P3 Conference RecapMarch 03, 2015 | By Wayne O'Neill
I recently attended P3C: Public-Private Partnership Conference & Expo 2015 in Dallas and I came away with some real success stories – as well as a tiny bit of discouragement.
The success stories very much outweighed the discouragement, though, which is very exciting news for the U.S. economy.
The most encouraging thing I came away with is that here in the U.S. we’re finally wrapping our arms around the strategic impact of public-private structure as it has been used on a worldwide basis. Traditionally our American model has been a “design, build, lease-back” type of environment using bond financing as opposed to private equity financing. It’s great to see that shifting more toward the long-term partnership approach that the rest of the world has seen success from.
The second most encouraging thing from the conference was the long list of success stories. These success stories mostly hinged around higher education, healthcare and government (mostly city government), with the most compelling accounts coming out of higher education.
Six Florida universities were there talking about How do we change the game? They pointed out that instead of just looking for money, “owners of change” look for structure and ways to dovetail strategic intent in the way they are trying to leverage public/private finance. It was really refreshing. If you look at what’s happening with sophisticated groups like Meridiam or The Plenary Group, there is a fair amount of encouragement that P3 is really moving along in this country.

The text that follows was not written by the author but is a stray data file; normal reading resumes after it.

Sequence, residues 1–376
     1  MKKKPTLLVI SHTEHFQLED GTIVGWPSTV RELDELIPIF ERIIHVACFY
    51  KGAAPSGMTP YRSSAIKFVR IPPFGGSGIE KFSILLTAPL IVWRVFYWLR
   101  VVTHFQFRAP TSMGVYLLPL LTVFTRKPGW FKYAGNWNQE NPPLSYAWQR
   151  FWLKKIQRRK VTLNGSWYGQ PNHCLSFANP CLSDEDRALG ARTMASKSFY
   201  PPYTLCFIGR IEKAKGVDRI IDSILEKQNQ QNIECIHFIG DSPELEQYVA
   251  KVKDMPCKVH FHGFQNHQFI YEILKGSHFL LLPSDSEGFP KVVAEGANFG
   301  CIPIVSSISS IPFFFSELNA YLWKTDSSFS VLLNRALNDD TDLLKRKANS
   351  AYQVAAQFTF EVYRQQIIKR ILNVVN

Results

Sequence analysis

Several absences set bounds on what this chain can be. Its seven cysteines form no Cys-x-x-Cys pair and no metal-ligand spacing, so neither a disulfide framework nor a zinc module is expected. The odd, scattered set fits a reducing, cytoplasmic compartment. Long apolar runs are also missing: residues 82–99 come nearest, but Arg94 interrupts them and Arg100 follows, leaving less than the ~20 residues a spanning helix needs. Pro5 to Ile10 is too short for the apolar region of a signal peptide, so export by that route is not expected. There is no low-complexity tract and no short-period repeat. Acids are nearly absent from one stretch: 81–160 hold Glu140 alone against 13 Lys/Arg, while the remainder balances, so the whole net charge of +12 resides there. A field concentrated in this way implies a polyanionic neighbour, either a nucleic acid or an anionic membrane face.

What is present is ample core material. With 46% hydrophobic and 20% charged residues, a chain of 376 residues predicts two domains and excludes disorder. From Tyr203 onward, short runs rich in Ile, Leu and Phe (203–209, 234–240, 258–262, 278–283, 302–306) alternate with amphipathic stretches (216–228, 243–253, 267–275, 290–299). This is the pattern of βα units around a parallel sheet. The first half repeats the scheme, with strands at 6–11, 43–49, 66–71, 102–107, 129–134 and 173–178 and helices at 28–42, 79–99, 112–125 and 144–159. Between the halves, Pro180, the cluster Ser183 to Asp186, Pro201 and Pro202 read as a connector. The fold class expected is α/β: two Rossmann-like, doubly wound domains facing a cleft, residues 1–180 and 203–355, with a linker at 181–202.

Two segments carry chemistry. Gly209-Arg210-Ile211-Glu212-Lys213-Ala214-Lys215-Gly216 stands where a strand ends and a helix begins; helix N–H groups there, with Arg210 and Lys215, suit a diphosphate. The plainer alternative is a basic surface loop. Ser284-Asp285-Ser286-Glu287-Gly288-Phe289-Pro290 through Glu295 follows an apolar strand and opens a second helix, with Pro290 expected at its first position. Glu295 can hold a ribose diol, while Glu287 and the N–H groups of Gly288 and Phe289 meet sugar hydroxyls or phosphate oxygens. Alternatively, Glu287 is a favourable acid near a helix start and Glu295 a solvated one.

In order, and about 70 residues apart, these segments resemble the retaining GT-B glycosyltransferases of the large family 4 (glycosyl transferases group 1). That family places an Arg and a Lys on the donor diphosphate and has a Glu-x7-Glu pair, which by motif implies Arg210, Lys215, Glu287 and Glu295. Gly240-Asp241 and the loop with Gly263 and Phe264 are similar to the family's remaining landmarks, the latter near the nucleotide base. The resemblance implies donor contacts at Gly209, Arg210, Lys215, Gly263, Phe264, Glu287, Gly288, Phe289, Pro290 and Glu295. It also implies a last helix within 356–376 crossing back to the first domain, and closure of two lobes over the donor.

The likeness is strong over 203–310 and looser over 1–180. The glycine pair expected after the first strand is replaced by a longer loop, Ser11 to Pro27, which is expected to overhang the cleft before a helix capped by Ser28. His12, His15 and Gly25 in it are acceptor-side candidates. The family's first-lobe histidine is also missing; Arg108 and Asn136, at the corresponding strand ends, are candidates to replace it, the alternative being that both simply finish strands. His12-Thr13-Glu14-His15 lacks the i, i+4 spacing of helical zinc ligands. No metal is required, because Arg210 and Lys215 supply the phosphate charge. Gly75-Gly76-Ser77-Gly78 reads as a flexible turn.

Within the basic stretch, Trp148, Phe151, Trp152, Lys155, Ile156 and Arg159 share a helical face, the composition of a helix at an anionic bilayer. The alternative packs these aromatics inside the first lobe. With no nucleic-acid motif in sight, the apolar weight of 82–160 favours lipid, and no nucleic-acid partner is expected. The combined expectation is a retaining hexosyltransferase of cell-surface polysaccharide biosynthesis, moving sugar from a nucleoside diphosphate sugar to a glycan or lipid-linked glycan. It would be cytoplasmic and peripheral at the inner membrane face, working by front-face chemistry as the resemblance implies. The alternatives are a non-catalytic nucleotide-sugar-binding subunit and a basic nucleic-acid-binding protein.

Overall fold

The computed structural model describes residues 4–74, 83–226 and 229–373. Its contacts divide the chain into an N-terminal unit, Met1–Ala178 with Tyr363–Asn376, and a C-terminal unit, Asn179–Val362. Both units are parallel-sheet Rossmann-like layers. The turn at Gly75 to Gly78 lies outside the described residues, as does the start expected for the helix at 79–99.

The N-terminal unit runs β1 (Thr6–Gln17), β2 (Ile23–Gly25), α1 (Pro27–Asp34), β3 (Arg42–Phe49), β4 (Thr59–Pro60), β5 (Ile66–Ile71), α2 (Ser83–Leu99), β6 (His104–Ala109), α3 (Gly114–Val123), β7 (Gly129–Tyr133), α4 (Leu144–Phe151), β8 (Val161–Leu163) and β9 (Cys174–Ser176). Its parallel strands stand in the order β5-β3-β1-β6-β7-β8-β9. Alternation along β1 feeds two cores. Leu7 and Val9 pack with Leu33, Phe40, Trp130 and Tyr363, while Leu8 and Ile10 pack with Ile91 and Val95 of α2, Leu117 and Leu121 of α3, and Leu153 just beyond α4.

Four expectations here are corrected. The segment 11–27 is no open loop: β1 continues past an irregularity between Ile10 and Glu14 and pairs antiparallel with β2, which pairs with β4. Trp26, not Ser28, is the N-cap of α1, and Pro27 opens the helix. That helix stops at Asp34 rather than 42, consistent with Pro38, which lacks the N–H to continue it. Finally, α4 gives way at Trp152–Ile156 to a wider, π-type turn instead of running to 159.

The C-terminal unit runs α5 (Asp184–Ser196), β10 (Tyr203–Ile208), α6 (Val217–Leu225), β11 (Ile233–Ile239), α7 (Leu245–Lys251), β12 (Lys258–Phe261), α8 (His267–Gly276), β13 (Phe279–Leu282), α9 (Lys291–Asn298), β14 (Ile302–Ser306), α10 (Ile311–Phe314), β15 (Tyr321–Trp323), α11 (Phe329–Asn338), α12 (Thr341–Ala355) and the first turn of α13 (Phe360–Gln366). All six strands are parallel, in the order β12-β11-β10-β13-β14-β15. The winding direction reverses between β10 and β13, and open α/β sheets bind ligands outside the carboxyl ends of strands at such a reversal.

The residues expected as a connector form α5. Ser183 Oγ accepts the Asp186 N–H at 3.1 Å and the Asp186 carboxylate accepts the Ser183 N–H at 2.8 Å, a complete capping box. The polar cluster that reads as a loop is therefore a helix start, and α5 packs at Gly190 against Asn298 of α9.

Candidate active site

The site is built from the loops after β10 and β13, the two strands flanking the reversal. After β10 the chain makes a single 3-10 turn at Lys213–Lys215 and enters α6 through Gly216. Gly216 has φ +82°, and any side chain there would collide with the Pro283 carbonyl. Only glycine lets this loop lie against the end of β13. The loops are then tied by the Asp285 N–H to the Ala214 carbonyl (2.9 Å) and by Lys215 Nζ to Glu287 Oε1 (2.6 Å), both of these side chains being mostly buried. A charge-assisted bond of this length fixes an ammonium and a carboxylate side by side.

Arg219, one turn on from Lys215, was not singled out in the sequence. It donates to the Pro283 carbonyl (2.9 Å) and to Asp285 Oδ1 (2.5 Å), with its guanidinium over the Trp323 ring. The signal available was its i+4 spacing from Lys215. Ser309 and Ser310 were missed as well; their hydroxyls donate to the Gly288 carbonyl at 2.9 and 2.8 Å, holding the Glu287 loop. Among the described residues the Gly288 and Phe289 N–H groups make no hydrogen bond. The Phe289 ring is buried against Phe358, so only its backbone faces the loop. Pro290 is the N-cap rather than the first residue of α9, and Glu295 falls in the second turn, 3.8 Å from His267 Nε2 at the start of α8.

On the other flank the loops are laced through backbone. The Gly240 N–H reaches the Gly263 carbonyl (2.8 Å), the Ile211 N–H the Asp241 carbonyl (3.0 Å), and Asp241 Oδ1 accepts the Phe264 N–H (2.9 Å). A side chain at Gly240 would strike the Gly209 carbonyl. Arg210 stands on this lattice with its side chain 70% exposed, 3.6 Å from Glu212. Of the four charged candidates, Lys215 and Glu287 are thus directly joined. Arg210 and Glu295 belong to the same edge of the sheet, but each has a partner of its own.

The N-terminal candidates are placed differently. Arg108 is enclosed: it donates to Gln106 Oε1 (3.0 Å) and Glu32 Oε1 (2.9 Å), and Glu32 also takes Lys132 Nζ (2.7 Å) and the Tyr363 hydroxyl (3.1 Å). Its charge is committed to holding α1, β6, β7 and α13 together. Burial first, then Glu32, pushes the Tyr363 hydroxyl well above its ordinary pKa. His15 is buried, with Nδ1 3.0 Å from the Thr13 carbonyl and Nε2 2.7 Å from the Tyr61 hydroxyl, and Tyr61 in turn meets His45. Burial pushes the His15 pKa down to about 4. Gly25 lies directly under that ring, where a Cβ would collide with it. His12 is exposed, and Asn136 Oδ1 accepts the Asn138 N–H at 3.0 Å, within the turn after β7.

There was also a lot of discussion about P3 in government. I listened to compelling stories about Kansas City, Oklahoma City and Albuquerque using the P3 model to handle infrastructure and facilities needs.
This year was a bit different than in years past, in that really high-level folks – board members, chief executives and people from the financial, legal and international development community – came together and were talking about fixing things that had been broken for a long time. The fact is, we’ve just run out of cash to fix everything. The process we use to rebuild in this country needs to evolve.
On the negative side, I did notice a bit of infighting about how the projects should be handled. I was surprised when certain people said, “No, we can just go borrow money and we can get the same kind of quality to do all of this without thinking through the project as an asset.” I am still stunned by that. Of course, this is the traditional real-estate industry and old-fashioned project managers fighting back as this country changes tack. They want to keep doing things the way they always did them, but maybe in a shinier fashion.
The Bottom Line
Every year that I go to the P3 conference, I come away with inspiration and encouragement – and this year was no exception. The U.S. has come so far in utilizing public-private partnerships to come up with innovative means to deliver infrastructure to higher education, healthcare and government. We’ve still got some kinks to work through, but I predict that the opportunities these collaborations provide will continue to grow and expand.
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